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Memorable Images 69
British Dogs

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The Queen's Corgis

It was the Queen's father, King George VI, who started the Corgi trend, by introducing the first of the breed to the Royal household in 1933.

The Corgi is now a Royal icon, as recognisable, and perhaps as admired, as some of the Royal Family!

HM The Queen has kept up the Corgi tradition by owning three to four at any one time, but has also introduced the 'Dorgi' to the family which is a cross between a Corgi and a Dachshund. The Queen's corgis are almost all direct descendants from Susan, a female given to her on her 18th birthday.

Dulux Dogs

Old English Sheepdog Or as it is known around here - the Dulux dog! Originating in the 1800's in the UK the Old English Sheepdog has an immense shaggy coat and consequently requires a great deal of grooming.

Thought to have developed from drover's dogs, such as the Shepherd dogs, found in mainland Europe the Old English Sheepdog requires plenty of exercise to keep it happy and healthy. The Old English Sheepdog is also known as the Bobtail.

The Andrex Puppy

The original point of the Andrex puppy was that Andrex was good value because you got a lot of it for your money. The puppy got tangled up in the loo-roll, ran around the garden (negating the need to even depict a bathroom) and the family were amused at how far it went. But the adverts rapidly reached a point where 'Labrador Puppy' meant 'loo-roll'

Sooty and Sweep

Sweep is well known to Britsh children from the Sooty and Sweep television show.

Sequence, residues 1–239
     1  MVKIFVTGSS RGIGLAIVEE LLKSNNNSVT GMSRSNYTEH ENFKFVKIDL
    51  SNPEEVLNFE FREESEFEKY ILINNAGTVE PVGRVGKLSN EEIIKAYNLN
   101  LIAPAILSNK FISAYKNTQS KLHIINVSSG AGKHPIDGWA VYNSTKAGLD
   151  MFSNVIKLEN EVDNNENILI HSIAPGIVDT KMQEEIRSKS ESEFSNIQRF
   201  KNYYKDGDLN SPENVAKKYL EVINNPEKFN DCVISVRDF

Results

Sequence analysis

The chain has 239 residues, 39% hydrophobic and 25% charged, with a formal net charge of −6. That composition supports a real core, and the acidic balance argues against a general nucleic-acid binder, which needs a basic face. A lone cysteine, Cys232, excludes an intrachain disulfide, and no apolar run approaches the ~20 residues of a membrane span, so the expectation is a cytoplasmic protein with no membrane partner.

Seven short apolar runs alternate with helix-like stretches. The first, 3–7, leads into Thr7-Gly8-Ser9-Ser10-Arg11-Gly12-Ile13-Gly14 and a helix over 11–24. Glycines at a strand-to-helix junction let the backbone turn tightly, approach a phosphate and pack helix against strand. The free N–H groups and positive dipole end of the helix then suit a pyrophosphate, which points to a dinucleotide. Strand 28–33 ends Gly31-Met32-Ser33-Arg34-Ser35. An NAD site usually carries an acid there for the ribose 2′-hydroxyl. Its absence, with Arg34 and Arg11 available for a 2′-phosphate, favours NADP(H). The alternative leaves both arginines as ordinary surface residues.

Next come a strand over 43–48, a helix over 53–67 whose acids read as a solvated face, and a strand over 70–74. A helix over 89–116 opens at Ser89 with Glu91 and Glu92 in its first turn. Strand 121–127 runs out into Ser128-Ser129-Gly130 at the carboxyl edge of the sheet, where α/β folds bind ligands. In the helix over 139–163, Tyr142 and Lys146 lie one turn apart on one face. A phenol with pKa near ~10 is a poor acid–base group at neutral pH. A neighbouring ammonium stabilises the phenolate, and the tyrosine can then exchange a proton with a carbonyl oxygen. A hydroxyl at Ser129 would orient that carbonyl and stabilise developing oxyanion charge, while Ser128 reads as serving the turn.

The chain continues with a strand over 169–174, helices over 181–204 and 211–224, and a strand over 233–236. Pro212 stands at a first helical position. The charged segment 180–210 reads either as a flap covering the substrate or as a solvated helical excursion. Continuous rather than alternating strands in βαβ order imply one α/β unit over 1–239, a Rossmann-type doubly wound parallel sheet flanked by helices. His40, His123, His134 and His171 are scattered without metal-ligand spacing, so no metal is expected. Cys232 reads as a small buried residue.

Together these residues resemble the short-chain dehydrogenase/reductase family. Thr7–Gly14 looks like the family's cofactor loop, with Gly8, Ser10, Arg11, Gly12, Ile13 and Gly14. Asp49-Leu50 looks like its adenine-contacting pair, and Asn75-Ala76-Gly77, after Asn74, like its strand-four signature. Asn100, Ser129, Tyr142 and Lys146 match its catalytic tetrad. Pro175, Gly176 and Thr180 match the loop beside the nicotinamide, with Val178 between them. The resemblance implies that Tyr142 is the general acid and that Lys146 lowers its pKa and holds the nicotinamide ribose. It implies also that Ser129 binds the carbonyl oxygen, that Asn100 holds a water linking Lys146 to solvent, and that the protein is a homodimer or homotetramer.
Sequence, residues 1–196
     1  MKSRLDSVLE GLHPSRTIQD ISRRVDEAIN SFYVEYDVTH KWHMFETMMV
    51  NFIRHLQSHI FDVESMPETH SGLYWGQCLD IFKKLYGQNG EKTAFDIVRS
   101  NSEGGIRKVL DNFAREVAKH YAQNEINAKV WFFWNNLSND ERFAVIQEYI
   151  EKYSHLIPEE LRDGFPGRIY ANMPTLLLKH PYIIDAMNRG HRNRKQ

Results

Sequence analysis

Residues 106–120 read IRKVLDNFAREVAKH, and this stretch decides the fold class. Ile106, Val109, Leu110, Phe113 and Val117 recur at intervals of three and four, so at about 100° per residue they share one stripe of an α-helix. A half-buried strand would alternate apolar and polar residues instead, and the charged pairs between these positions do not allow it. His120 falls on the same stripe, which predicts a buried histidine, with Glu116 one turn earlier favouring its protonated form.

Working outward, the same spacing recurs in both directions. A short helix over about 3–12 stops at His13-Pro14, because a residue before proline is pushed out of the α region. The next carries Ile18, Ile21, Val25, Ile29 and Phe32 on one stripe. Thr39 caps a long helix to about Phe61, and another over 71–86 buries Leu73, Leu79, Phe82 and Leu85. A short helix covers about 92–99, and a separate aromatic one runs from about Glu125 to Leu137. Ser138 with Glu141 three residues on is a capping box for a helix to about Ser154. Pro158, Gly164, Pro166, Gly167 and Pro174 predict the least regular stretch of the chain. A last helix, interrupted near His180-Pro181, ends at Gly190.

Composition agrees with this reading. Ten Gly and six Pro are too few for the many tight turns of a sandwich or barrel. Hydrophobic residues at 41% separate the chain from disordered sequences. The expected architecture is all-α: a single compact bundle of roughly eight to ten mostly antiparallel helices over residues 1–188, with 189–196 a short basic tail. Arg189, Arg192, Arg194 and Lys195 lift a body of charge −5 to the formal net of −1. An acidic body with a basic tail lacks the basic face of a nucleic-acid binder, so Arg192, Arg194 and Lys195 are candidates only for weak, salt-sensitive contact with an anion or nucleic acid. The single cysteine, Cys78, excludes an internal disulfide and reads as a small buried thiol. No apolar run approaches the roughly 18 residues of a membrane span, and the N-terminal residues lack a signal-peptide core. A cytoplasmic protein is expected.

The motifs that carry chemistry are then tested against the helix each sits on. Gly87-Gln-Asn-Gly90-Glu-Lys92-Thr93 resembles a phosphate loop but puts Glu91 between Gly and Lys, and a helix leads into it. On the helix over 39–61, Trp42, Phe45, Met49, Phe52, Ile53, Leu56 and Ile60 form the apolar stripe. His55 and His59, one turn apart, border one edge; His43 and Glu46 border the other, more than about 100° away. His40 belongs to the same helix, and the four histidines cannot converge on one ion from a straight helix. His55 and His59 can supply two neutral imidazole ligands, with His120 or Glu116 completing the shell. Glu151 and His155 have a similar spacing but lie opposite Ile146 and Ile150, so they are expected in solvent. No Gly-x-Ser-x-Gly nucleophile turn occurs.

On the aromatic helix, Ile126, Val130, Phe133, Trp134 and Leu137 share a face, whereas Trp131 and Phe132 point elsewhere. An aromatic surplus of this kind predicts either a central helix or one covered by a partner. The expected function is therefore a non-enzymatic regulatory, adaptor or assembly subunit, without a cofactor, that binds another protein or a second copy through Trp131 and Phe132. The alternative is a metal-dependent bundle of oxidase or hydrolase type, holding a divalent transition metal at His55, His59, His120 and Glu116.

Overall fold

"Ah! There's a likely looking show speciimen"

Dennis the Menace has been a professional ten-year-old for over 50 years and is well known as the mascot of mayhem to countless generations of children.

Now, Dennis and his faithful hound Gnasher have sprung from the pages of D.C. Thomson's best selling comic "The Beano" and are bouncing aroundthe television sets of the world in 26 half-hour animated tales, written and produced by Collingwood O'Hare Entertainment.
Spotty dog

'This is a story about the Woodentops.
There was Mummy Woodentop and the baby and Daddy Woodentop.

And then there were Willie and Jenny, the twins.And Mrs Scrubit who comes to help Mummy.And Sam who helps Daddy Woodentop.And last of all, the very biggest spotty dog you ever did see.And they all live together in a little house in the country.


Despite changes to and tests with the weapon continuing until only days before the raid was planned to take place, many problems were overcome and on the night of Sunday May 16th 1943, 19 Lancasters took off for the Dams, in three waves; Gibson's flight to attack the Mohne and Eder, McCarthy's to attack the Sorpe, and a mobile reserve and diversionary force led by Townsend. A full moon lit the night sky, making normal operations impossible. An apparently bad omen was that Gibson's black Labrador, Nigger, had been run over and killed as the crews were being briefed for the operation. Gibson had given orders that Nigger was to be buried at midnight on the grass verge outside his office; he had the premonition that he and Nigger would be going into the ground at the same time. The car's driver, a doctor from Grantham, did actually stop.

(It's interesting to note that on some versions of the film, the name "Nigger" is either cut out or voice-overed. The prospect of adjusting history in the interests of Politically Correct Stupidity never ceases to amaze me. It is apparently PC to remind the Germans they lost the war but not PC to say the correct name of a dog. In this context, who could take offence? The editing required to eliminate the name of Gibson's dog also results in some important tracts of the film being lost.)

The British Bulldog

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